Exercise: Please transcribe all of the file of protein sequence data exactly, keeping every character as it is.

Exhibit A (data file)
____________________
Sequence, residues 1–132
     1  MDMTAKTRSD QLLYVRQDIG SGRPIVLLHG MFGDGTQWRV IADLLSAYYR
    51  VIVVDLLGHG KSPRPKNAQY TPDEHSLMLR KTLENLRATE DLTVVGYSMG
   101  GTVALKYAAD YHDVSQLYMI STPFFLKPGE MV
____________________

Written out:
Sequence, residues 1–132
     1  MDMTAKTRSD QLLYVRQDIG SGRPIVLLHG MFGDGTQWRV IADLLSAYYR
    51  VIVVDLLGHG KSPRPKNAQY TPDEHSLMLR KTLENLRATE DLTVVGYSMG
   101  GTVALKYAAD YHDVSQLYMI STPFFLKPGE MV